Urinary incontinence in hospital in-patients : a nursing perspective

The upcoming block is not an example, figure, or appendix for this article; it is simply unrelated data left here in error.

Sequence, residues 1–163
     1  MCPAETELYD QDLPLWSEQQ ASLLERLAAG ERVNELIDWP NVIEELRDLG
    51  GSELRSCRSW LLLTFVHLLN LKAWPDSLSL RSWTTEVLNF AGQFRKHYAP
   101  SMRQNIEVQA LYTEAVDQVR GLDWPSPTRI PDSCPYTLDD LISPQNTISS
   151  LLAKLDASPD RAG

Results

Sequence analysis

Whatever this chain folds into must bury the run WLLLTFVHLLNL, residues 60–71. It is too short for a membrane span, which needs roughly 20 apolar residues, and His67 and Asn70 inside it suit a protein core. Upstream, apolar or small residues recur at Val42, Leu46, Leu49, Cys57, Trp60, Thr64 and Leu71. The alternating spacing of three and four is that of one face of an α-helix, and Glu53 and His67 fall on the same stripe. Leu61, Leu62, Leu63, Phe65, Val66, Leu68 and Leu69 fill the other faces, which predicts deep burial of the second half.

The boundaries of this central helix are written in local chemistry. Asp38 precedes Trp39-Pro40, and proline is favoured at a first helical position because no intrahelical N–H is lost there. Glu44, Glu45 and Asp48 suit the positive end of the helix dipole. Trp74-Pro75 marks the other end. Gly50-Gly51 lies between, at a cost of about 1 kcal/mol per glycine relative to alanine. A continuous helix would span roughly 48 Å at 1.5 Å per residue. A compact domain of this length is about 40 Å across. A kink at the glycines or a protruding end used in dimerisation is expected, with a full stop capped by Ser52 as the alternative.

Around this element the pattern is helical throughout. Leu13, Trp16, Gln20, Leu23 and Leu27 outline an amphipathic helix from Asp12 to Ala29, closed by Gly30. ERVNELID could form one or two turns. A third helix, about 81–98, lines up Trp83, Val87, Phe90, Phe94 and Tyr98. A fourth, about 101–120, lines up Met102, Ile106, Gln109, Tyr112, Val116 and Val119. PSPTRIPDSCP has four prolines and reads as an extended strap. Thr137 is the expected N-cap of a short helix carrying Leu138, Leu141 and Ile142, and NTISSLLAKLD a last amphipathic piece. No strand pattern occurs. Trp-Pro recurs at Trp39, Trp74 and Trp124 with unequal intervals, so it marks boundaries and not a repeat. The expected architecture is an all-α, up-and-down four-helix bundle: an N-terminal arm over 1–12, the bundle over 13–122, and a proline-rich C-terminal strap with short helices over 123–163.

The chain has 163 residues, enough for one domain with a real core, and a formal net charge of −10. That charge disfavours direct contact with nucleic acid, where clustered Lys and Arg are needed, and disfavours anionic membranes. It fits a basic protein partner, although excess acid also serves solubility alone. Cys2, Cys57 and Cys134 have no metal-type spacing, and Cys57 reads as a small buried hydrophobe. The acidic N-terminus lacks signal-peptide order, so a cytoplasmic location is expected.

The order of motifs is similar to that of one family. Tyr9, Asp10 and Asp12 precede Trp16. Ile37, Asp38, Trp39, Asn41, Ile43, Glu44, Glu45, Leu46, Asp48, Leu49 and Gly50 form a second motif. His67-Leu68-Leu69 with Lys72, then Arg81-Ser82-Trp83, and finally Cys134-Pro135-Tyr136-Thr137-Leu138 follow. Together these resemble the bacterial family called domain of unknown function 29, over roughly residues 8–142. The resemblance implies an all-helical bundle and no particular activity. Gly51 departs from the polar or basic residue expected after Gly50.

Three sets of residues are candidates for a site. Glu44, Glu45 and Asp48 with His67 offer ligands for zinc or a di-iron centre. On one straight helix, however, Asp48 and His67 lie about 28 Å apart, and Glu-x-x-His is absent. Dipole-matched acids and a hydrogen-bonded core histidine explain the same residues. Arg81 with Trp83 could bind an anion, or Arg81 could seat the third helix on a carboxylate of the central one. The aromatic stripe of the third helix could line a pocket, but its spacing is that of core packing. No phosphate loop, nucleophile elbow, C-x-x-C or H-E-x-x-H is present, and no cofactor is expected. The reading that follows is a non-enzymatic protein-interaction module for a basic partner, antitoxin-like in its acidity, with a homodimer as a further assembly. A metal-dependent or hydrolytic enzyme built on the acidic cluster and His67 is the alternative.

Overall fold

Urinary incontinence is a common health problem with not only physical, but also far-reaching psychological and social implications for the sufferer, her family and carers. Assisting patients with meeting their eliminatory needs is a fundamental part of nursing care. Incontinence is encountered in almost every sphere of clinical practice and is a problem with which nurses are often directly concerned. Nurses, in association with other members of the health care team, have considerable potential to help patients regain continence, or when this is not possible, to ensure that the individuals concerned, and their relatives or carers, can cope effectively with the problem, both physically and psychologically. This is an area of nursing care, however, which to date has attracted little research. The studies undertaken in this thesis sought to examine the nursing assessment and management of the care of patients with urinary incontinence in acute medical and care of the elderly wards. The research comprises of a sequence of studies which examined the problem from a number of perspectives. Methods of data collection included nurse and patient self-, reports, the examination of nursing and medical documentation, direct observation and self-completed questionnaires. Findings indicated that urinary incontinence was common in acute medical and care of the elderly wards, and that a considerable proportion of patients had indwelling catheters to manage the problem. Nurses were not always aware of patients' incontinence problems and their assessments concerning important aspects of the symptom were frequently unreliable. Further inadequacies in nurses' assessments, as well as in the management of the care of patients with incontinence, were identified from an examination of the nursing and medical records, and observations of verbal hand-over reports. Qualified nurses and learners appeared ill-informed about the causes of incontinence, and the majority had little knowledge of the range of factors which need to be considered to ensure that a systematic assessment of the problem is carried out. Despite considerable scope for the provision of rehabilitative care for incontinence sufferers, many nurses appeared to have a limited appreciation of their potential for initiating such care. Evidence collected from the nursing and medical records, the verbal hand-over reports and nurses' questionnaires, suggested that the management of patients with incontinence still focuses predominantly on measures which aim to contain the problem with little attention being given to rehabilitative interventions. A considerable proportion of the charge nurses, and the majority of the other qualified nursing staff, stated they had not received any continuing in-service education relevant to the promotion of continence or management of incontinence since their basic training. Nurses exhibited positive attitudes, overall, towards the management of incontinence but their responses indicated that a number of common misconceptions surrounding the problem persist. The enrolled nurses demonstrated significantly less positive attitudes towards the management of patients with incontinence than other grades of nurses. Similarly, the nursing staff who worked in the slow-stream rehabilitation care of the elderly wards showed significantly less positive attitudes towards incontinence than the nurses working in other types of wards. The implications of the findings of these studies for nursing practice, education and further research are discussed.